(Courtesy photo)

Davis Polk & Wardwell white-collar criminal defense partner Greg Andres in New York has become the latest addition to special counsel Robert Mueller III’s investigative team looking into potential Russian interference in the 2016 U.S. presidential election.

Reuters, which broke the news late Tuesday of Andres’ new role, noted that he will be the 16th lawyer added to Mueller’s team since the former Wilmer Cutler Pickering Hale and Dorr partner was appointed in May by deputy attorney general Rod Rosenstein to probe possible links between the Russian government and individuals affiliated President Donald Trump’s election campaign.

A Davis Polk spokeswoman declined to comment Wednesday about Andes’ decision to join Mueller’s team—his biography page no longer appears on Davis Polk’s website—but a source at the firm confirmed Andres’ departure.

Andres, 50, first joined Davis Polk as a litigation associate in 1997 before leaving the firm two years later for a position as an assistant U.S. attorney in the Eastern District of New York, where he spent nearly a decade based in Brooklyn. In 2010, Andres was named a deputy assistant attorney general of the U.S. Department of Justice’s criminal division, where he oversaw the fraud and appellate sections.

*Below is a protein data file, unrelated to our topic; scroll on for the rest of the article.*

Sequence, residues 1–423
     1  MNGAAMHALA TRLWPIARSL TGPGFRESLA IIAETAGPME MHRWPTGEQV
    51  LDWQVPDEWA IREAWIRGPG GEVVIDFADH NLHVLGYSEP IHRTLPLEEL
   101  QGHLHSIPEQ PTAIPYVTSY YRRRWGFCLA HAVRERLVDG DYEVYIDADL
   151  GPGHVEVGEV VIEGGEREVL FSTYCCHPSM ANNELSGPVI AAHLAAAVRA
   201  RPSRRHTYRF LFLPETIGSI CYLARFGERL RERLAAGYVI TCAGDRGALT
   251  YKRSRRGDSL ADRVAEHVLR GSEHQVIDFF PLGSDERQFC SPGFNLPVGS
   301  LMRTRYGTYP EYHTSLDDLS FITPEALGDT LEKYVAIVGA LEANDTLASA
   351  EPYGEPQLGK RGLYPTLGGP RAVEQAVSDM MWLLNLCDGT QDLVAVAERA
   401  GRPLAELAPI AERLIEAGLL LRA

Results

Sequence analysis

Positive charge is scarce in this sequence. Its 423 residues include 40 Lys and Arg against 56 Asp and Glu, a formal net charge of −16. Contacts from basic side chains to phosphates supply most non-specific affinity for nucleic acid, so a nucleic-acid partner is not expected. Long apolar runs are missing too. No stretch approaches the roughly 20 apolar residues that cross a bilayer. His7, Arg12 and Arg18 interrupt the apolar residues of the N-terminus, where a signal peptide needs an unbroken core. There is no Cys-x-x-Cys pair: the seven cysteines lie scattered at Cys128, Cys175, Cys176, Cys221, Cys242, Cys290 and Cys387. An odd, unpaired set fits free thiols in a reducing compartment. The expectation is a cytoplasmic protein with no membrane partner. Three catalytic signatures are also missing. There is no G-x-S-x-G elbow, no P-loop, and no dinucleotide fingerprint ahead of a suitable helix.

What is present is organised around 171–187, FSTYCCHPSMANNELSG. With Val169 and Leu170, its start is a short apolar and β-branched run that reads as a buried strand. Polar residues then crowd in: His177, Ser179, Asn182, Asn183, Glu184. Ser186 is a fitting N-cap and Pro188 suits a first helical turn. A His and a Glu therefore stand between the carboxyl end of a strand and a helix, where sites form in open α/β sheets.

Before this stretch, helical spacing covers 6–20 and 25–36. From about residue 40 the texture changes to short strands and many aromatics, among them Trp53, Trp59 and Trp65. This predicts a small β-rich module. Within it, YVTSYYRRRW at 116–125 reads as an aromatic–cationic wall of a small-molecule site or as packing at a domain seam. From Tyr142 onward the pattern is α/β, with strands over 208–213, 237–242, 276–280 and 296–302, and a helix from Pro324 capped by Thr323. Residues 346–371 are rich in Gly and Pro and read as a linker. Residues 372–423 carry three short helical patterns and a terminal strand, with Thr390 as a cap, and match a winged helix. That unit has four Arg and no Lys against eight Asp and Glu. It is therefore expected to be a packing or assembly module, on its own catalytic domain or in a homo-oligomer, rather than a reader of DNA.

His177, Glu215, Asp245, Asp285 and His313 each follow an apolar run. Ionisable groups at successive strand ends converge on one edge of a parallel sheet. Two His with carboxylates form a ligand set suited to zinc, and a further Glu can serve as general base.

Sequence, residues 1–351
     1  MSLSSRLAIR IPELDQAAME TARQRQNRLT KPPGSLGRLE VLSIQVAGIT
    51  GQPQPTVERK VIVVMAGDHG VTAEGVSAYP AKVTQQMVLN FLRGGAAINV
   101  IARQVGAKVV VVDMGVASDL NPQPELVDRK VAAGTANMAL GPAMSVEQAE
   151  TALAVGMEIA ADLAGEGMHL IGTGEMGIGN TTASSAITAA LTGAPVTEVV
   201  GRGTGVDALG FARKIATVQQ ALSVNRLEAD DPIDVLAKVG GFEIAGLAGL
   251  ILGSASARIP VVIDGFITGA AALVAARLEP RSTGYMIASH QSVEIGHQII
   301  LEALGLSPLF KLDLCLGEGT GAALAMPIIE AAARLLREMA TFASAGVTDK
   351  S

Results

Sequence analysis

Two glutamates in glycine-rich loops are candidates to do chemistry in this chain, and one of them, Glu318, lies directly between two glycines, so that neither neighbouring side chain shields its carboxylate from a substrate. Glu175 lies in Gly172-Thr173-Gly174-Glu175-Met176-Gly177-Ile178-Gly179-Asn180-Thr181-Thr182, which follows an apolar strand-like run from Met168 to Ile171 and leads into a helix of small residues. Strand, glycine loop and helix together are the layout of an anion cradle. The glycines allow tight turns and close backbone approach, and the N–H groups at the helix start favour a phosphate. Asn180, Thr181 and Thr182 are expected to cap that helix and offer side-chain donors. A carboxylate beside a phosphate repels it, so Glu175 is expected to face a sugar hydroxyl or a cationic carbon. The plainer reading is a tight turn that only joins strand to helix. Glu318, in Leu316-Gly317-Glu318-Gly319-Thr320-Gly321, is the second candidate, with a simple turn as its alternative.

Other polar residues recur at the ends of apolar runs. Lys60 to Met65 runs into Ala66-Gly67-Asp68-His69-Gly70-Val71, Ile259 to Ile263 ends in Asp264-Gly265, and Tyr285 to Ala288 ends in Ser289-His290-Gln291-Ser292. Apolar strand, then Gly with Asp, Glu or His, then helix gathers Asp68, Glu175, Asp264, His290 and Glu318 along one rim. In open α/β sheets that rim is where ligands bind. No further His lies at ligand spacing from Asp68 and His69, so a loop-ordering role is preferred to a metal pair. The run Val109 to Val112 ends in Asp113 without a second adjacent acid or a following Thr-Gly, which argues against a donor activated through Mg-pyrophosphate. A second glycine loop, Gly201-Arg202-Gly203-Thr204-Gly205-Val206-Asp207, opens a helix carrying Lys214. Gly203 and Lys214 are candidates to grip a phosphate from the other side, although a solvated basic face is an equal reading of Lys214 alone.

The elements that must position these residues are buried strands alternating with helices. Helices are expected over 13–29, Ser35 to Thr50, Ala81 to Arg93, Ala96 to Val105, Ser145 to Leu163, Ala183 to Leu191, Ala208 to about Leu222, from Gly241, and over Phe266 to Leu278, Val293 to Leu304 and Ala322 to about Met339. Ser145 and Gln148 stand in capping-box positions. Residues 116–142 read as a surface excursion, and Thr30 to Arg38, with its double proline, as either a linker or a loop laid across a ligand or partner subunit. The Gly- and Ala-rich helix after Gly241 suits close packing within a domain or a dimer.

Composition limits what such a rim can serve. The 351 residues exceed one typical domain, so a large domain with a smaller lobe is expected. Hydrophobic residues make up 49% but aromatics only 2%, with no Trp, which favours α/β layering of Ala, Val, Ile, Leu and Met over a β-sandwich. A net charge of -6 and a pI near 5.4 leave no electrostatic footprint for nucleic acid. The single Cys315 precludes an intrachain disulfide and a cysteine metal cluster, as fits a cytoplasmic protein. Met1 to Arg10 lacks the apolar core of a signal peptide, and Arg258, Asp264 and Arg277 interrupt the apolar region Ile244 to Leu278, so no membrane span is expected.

At Main Justice, Andres was heavily involved with policy and enforcement issues related to health care fraud and the Foreign Corrupt Practices Act (FCPA) and handled several high-profile trials including the prosecution of former Credit Suisse AG broker Eric Butler, who was convicted for his role in a $1 billion securities fraud scheme.

Andres re-joined Davis Polk in early 2012 as a partner in the firm’s litigation and white-collar criminal defense group in New York. He is also married to Ronnie Abrams, a sitting federal judge and daughter of legendary First Amendment lawyer and Cahill Gordon & Reindel senior counsel Floyd Abrams. Ronnie Abrams, a former pro bono counsel at Davis Polk, was appointed to the bench in 2012 after being nominated by the Obama administration. (She has since recused herself from two cases challenging Trump’s dealings with foreign governments.)

Since Mueller’s appointment more than two months ago, the former Wilmer partner has been stacking his legal team with current and former Big Law names. In June, Mueller added Wilmer partners James Quarles and Jeannie Rhee and former Jenner & Block partner Andrew Weissmann, an ex-chief of the Justice Department’s fraud section, to his investigations team.

Other individuals working for Mueller include criminal law specialist Michael Dreeben and appellate expert Elizabeth Prelogar—both of whom have worked at the U.S. solicitor general’s office—and Adam Jed from the Justice Department’s civil division.

Some of Mueller’s selections have come under fire from conservatives for their political donations to Democrats. Andres himself has contributed at least $3,700 to Democratic candidates. But others have noted that many prominent members of the Trump administration have a long history of giving to liberal politicians and causes.